>here. But, perhaps it is an odd Junco song. Could it be a Dark-eyed
>Junco?  What is the habitat like and where is the bird singing from? 
>Another option might be Chipping Sparrow.
>
>Sandy
>
>At 02:14 PM 6/8/2019, you wrote:
>This bird has been on Tucker Rd. in Enfield since Friday May 31, at
>least.  I only got a brief look at it, on Tuesday - small and backlit -
>grayish, clear pale breast, shortish tail.  But the song is
>distinctive.  It was singing again today, but I couldn’t see it! 
>What is it?
>
>https://www.dropbox.com/s/f6ejwayrd1x8sva/Tucker%20Rd%20bird%206-4-2019.m4a?dl=0
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RE: [cayugabirds-l] Help with bird song?

2019-06-08 Thread Magnus Fiskesjo
Hi!

I am no expert but if a junco, it should be possible to spot? I've stalked 
quite a few, to try and see if I can notice a difference between them and 
Chipping sparrows. And in my experience at least, both species tend to sit at 
the outer end of a branch when singing, often "2 o'clock", less often "12 noon" 
like you saw. I've discovered that mobilizing some patience, to scan possible 
locations around the trees in the direction of the sound, especially outer ends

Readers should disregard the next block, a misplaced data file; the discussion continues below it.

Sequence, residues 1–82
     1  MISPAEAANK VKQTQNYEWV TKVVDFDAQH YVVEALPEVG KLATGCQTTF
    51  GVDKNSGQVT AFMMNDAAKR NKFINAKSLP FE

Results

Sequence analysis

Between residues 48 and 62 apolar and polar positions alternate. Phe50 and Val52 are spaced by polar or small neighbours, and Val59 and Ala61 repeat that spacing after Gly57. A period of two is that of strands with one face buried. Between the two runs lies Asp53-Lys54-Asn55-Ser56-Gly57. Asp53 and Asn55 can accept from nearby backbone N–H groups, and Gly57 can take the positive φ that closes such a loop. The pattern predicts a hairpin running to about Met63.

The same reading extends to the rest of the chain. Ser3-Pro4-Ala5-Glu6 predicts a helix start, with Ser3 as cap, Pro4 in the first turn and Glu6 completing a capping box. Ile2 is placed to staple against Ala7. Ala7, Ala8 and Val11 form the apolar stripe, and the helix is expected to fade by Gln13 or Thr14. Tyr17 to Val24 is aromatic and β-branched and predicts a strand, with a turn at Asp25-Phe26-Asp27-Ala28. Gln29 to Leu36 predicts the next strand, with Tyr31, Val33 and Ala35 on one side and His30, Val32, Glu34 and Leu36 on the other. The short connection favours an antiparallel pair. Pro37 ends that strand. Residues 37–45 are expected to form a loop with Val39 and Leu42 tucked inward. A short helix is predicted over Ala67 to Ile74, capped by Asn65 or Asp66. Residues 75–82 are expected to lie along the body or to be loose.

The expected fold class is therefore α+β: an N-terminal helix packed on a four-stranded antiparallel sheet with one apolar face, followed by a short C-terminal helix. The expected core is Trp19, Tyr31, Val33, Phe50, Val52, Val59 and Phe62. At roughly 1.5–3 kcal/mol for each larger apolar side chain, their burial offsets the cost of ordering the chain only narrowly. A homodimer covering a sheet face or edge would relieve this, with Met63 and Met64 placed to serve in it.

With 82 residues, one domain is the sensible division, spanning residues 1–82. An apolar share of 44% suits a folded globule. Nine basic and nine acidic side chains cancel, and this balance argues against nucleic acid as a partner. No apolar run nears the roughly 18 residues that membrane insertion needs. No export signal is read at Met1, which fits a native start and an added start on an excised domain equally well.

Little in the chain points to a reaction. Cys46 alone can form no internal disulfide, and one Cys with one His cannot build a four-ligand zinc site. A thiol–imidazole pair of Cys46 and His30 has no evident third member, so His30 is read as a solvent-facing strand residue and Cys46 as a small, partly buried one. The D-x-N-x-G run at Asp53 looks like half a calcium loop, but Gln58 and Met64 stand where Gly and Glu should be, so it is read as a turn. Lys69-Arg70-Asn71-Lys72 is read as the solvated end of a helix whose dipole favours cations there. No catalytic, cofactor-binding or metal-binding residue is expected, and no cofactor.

of branches midway up, one can often find the singing bird at last. It can be 
maddening because they tend to be in "visible yet hard-to-spot" locations and 
I'll often say, how come I did not see if before. I guess to see it one has to 
enter that special yoga trance state of bird watching which is hard to achieve. 

My 5 cents! 

If it's a junco it's an unusual voice for it! 
Magnus Fiskesjö
n...@cornell.edu

From: bounce-123668894-84019...@list.cornell.edu 
[bounce-123668894-84019...@list.cornell.edu] on behalf of Ken Haas 
[waxw...@htva.net]
Sent: Saturday, June 8, 2019 5:48 PM
To: Barbara Bauer Sadovnic
Cc: CAYUGABIRDS-L
Subject: Re: [cayugabirds-l] Help with bird song?

Hi Barbara,

In the newest version (V2) of the Sibley app for iPhone/iPad, under the 
Dark-eyed Junco species account, there are several recordings of songs and 
calls. But there is one, which was recorded by our own Bob Mcguire in NY, that 
sounds the closest to your bird. The second trill on the bird in his recording 
is a bit truncated from your bird's song. So, I agree with the others that a 
Dark-eyed Junco, Slate-colored, is my best guess, too.

Ken Haas



On Jun 8, 2019, at 4:49 PM, Barbara Bauer Sadovnic wrote:

Thank you all for the replies.

Asher, Sandy, Laura, and Meena suggest dark-eyed junco.  Laurie suggests 
bluegrass gnatcatcher, or one of the little flycatchers,willow or alder.  My 
one glimpse could have been a junco, but it really was just a glimpse.

The song has been very consistent all three days I heard it - a high trill, 
then a trill about a major third higher.  That’s what it does!